Researchers at HP Labs are testing a flexible, full-color display that saves power by reflecting ambient light instead of using a backlight. The prototype display’s pixels are controlled by fast-switching silicon transistors printed on top of plastic. If the technology can be commercialized, the display will compete with liquid crystal screens as well as other low-power color flexible displays in the works.
“Our goal is to make a display with the color saturation of newsprint that can be manufactured for about $10 per square foot,” says Carl Taussig, director of the Information Surfaces Lab at HP’s Palo Alto, CA, research center. At this price, reflective color displays could replace paper for applications such as signs and billboards, Taussig says, although he estimates that this will take a year or two at least.
The e-reader screen market is dominated by E-Ink, a company based in Cambridge, MA, that makes black-and-white reflective displays incorporating tiny microcapsules. E-Ink’s screens have the look of paper, do not need a backlight, and do not require any power once the pixels have switched between black and white. But it is also too slow to show video and, as yet, is only available in black and white.
In contrast, Apple’s iPad uses a more conventional liquid crystal display. This means it produces vibrant color, but it is also expensive, power-hungry, and vulnerable to glare. The display is also relatively fragile because it’s built on top of glass. Many manufacturers believe there is still a market for low-power reflective displays.
Flexible display manufacturers are watching how consumers respond to the iPad. But they’re also working to develop robust reflective displays built on plastic that use less battery life without giving up the functionality of LCDs.
“Color will make all the difference,” says Nick Colaneri, director of the Flexible Display Center at Arizona State University, which partners with most of the major display manufacturers on technology development. Without color, reflective displays will be limited to niche markets, he says. Using plastic transistor arrays, which promise better durability, will also be key, he says, although major manufacturing challenges remain.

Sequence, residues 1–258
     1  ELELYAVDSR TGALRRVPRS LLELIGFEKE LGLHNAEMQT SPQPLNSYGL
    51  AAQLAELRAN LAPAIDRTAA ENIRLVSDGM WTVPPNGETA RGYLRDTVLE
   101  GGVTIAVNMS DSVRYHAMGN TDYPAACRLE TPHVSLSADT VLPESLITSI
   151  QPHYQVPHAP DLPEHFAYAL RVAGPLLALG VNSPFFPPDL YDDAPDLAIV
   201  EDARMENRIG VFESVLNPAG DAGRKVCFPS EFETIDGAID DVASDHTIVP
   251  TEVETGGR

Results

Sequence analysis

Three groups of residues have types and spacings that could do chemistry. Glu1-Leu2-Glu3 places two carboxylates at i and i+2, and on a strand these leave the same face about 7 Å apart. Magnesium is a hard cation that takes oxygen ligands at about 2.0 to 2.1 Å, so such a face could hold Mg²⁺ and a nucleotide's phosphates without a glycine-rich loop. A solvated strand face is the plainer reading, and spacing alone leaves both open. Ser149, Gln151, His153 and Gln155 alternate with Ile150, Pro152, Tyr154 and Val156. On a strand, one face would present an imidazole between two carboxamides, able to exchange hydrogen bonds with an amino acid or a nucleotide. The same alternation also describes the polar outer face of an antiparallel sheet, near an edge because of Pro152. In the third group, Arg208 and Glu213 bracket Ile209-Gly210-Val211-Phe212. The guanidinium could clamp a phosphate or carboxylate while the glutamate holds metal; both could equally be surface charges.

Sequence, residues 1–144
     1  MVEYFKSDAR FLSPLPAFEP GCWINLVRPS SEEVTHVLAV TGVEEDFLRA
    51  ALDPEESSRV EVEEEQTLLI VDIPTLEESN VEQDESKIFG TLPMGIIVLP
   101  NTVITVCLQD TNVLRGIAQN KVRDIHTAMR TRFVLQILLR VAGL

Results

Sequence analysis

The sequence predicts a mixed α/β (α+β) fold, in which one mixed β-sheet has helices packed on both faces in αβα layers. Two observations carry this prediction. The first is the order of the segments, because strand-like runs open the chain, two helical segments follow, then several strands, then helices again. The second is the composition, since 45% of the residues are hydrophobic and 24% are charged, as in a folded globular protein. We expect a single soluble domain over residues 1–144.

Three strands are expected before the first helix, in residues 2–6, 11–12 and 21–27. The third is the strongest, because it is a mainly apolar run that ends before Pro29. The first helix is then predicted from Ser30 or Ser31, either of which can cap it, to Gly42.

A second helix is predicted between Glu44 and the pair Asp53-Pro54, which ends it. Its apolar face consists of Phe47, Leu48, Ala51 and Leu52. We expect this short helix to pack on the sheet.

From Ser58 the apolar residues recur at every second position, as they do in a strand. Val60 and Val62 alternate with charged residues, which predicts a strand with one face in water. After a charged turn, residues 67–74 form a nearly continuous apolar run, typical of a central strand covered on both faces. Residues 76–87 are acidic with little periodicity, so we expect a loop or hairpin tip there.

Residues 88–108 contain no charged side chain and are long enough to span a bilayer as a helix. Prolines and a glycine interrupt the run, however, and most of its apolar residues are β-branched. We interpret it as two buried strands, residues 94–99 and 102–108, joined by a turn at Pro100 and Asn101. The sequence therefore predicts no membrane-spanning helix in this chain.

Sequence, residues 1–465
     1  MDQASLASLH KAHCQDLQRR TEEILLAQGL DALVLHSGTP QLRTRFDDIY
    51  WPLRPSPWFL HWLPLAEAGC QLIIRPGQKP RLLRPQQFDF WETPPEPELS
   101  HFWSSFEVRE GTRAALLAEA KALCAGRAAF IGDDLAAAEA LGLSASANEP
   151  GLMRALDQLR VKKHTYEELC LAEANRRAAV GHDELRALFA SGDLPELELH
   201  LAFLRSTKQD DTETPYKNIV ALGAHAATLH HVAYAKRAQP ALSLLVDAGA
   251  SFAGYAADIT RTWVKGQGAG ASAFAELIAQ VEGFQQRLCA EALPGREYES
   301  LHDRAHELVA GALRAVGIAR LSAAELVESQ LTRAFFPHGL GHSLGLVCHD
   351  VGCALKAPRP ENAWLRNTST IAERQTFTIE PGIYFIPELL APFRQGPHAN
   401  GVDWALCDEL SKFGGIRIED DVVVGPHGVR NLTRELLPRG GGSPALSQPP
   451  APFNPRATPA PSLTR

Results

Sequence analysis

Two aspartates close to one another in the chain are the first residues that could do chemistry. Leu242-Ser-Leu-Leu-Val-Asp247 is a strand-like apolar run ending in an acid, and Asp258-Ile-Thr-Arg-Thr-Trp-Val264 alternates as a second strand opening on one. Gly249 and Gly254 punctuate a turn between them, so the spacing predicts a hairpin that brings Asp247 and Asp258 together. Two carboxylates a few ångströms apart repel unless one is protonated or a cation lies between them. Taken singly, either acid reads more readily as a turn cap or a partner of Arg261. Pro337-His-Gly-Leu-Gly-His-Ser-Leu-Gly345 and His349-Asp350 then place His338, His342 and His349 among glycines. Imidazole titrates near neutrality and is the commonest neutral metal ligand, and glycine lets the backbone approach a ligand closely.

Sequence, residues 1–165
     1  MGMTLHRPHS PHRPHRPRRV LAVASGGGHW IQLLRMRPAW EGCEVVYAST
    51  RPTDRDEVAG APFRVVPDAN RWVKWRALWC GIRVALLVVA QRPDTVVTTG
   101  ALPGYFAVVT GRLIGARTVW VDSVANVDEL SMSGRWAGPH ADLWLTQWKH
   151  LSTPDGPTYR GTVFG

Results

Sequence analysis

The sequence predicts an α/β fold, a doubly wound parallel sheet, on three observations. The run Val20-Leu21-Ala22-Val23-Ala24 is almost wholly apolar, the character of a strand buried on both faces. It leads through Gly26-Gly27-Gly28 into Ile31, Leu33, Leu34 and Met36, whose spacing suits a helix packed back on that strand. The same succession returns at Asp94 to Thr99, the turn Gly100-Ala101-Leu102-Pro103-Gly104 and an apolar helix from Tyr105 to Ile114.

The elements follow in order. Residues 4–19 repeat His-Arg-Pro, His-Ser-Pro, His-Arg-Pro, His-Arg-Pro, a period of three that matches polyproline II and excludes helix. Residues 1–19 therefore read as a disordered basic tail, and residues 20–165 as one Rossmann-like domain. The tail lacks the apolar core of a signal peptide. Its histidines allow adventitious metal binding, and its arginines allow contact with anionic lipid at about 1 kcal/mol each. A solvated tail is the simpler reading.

“The first company to get one of these out will have a strong position, but at the end of the day it comes down to cost,” Colaneri says. “There are several radically different approaches to manufacturing, and it’s too early to say what the costs will be.”
E-Ink is developing its own color technology, which uses side-by-side red, blue, and green filters. This means that, at any given time, each pixel might only be reflecting light from one third of its total area, which can compromise the brightness of the display.
HP hopes to deliver a brighter color reflective display technology by stacking red, green, and blue pixels in the same area. “If you want to show red, you can make the entire display red,” says Taussig.
The challenge in stacking pixels is that light is lost as it travels into and out of the stack display. “If you get loss at each layer, you get a huge overall loss, so we’re engineering the light path to prevent that,” says Taussig. HP’s best approach so far is to stack layers of red, green, and blue dye between electrically active mirrors that control whether or not light passes through each layer.
“The drawback is that it’s complicated,” says Taussig. With every layer that must be added during manufacturing, there’s more potential for errors. So the company is also developing a single-layer multicolor reflective display that uses luminescent materials to harvest light and convert it into different colors, which are then re-emitted.
A potential advantage for HP is its association with Phicot, which already makes high-performance display backplanes by printing silicon on plastic using a roll-to-roll process. “We’ve got to get the glass out of there,” Colaneri says.
Korean display company LG and Taiwanese company Prime View International are also printing silicon transistors on top of flexible materials, and both these companies have promised fully flexible displays in the coming year.
“Phicot’s approach is completely different,” says Colaneri. Instead of going through multiple rounds of etching to create a transistor array, which entails multiple opportunities for error, Phicot uses a single-step, three-dimensional lithography technique. Eliminating manufacturing steps is particularly important when working with plastic: if it bends or warps during the printing process, the layers won’t line up with one another. If HP can clear these and other manufacturing hurdles, its reflective display technology could be appearing soon on a billboard near you.
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